Swedish National "Folkdräkt"
The SWEDISH NATIONAL FOLK DRESS was designed and promoted by Marta Palme in 1903 to help promote a feeling of national pride. The colors are taken from the Swedish flag. The response was luke-warm until Nation Day, June 6, 1983 when the dress was worn by Queen Queen Silvia.
In the Swedish culture, garments and the rules of protocol developed for creating and wearing them reflected your place in society. The garments identified you by gender, occupation, social class, marital status and geographic location. Fabrics and garments were home/hand made.
We celebrate these wonderful garments and traditions as a means of respect and understanding for the life of our immigrant relatives, what they came from and brought with them. They help us link to time and place declaring "we belong together...we are linked to the past."
Swedish National Folk Dress:
The Apron (forklade)
A necessary and important part of the Folkdräkt. Made of linen or wool and later, cotton, crepe or silk, it is the focal point of the costume.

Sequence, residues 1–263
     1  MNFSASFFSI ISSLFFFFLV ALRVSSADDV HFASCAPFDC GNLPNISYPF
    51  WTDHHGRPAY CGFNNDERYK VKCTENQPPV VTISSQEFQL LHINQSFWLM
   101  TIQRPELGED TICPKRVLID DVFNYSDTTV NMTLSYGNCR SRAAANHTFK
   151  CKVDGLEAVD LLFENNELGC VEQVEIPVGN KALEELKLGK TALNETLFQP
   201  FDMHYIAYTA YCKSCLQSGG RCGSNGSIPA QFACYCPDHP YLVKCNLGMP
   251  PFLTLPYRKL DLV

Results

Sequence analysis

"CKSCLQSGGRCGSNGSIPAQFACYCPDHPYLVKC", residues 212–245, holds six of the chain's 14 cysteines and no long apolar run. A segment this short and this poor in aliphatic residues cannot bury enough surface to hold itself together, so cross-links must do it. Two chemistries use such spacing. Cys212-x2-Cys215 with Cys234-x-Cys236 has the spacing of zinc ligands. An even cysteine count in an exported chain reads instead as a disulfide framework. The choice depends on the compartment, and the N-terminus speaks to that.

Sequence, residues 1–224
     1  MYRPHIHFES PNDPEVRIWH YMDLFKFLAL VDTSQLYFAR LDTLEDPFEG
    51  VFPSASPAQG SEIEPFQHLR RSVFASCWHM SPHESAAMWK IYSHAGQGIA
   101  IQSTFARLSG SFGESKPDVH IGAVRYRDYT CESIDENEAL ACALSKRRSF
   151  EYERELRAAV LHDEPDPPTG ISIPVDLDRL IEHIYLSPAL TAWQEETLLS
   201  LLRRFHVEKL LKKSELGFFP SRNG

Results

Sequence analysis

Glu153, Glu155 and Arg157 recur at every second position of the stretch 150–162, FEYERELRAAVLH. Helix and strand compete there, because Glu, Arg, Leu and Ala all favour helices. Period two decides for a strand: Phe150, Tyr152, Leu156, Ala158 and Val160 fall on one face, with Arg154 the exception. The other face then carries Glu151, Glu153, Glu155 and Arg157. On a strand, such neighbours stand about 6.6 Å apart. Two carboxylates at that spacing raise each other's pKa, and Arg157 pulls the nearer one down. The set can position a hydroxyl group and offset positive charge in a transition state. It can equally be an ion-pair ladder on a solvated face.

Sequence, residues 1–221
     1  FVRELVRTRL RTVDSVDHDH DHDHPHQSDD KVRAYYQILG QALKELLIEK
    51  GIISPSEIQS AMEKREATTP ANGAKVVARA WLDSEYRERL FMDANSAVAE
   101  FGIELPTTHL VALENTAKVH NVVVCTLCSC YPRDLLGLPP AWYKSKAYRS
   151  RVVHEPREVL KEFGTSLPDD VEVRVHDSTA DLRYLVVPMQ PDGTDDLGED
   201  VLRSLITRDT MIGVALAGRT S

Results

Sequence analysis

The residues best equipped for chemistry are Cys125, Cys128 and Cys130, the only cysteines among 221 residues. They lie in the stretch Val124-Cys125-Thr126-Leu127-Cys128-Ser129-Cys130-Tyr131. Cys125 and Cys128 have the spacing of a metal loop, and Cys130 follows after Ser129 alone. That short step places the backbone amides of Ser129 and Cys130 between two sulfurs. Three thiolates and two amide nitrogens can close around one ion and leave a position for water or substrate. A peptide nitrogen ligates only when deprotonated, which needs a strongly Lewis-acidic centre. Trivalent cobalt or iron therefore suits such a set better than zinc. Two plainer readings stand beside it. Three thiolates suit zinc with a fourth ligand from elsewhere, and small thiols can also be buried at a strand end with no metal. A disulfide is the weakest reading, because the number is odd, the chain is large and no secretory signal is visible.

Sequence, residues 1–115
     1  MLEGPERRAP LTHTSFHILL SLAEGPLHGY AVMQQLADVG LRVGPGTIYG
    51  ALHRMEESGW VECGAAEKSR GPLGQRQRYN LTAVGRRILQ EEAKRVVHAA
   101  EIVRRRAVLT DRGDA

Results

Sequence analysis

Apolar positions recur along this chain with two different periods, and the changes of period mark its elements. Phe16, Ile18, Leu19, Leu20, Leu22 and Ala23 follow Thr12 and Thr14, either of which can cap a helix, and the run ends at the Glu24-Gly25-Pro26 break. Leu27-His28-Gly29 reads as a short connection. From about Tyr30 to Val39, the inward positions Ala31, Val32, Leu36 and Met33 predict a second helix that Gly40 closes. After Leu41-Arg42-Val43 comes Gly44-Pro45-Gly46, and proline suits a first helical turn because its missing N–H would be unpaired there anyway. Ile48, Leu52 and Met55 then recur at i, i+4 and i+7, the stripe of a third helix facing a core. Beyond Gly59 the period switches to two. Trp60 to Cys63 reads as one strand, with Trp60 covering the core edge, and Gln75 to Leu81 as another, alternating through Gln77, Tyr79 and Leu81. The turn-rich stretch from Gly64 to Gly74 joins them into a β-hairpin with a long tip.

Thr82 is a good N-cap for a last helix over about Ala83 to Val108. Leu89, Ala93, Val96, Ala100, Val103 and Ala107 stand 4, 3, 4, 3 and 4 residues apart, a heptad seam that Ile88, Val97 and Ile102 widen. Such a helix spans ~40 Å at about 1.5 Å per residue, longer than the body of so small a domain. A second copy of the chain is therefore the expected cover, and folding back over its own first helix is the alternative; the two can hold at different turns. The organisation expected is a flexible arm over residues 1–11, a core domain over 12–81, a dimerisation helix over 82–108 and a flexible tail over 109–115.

The Neck Scarf (sjan)
Made of linen, wool and cotton or silk with a variety of designs or embroidery, the square scarf is folded on the diagonal and worn on top of the blouse and vest and either tied or secured with a pin.
The Head covering (huvudbonad)
Head coverings came in a variety of types. White linen started and folded/draped in elaborate forms called huvudduk or klut. Formed hats of silk or satin called bindmossa. They often have a ruffled lace edge/lining to protect the fabric from hair oil.
Waist Bag (kjolvaska)
Worn outside the skirt or pants some designs date to the Medieval ages. Made of linen, wool or leather the design announces parish or province of the wearer.